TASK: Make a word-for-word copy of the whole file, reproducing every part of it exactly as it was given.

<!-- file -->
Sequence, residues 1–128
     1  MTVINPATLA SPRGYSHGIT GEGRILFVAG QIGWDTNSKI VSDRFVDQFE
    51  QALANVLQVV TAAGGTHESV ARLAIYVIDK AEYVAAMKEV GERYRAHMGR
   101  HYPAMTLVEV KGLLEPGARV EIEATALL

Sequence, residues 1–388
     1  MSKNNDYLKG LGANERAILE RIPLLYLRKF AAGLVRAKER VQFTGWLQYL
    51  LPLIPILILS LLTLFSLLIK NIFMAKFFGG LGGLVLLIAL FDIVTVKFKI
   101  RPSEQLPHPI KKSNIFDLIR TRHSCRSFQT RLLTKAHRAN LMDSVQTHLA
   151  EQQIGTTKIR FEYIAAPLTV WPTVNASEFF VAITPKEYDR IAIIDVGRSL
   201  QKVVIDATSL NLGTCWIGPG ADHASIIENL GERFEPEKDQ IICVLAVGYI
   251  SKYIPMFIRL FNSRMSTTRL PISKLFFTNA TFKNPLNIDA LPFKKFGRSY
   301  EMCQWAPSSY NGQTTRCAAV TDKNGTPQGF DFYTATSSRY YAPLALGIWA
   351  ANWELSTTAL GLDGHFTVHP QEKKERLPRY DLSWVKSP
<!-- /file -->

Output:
Sequence, residues 1–128
     1  MTVINPATLA SPRGYSHGIT GEGRILFVAG QIGWDTNSKI VSDRFVDQFE
    51  QALANVLQVV TAAGGTHESV ARLAIYVIDK AEYVAAMKEV GERYRAHMGR
   101  HYPAMTLVEV KGLLEPGARV EIEATALL

Sequence, residues 1–388
     1  MSKNNDYLKG LGANERAILE RIPLLYLRKF AAGLVRAKER VQFTGWLQYL
    51  LPLIPILILS LLTLFSLLIK NIFMAKFFGG LGGLVLLIAL FDIVTVKFKI
   101  RPSEQLPHPI KKSNIFDLIR TRHSCRSFQT RLLTKAHRAN LMDSVQTHLA
   151  EQQIGTTKIR FEYIAAPLTV WPTVNASEFF VAITPKEYDR IAIIDVGRSL
   201  QKVVIDATSL NLGTCWIGPG ADHASIIENL GERFEPEKDQ IICVLAVGYI
   251  SKYIPMFIRL FNSRMSTTRL PISKLFFTNA TFKNPLNIDA LPFKKFGRSY
   301  EMCQWAPSSY NGQTTRCAAV TDKNGTPQGF DFYTATSSRY YAPLALGIWA
   351  ANWELSTTAL GLDGHFTVHP QEKKERLPRY DLSWVKSP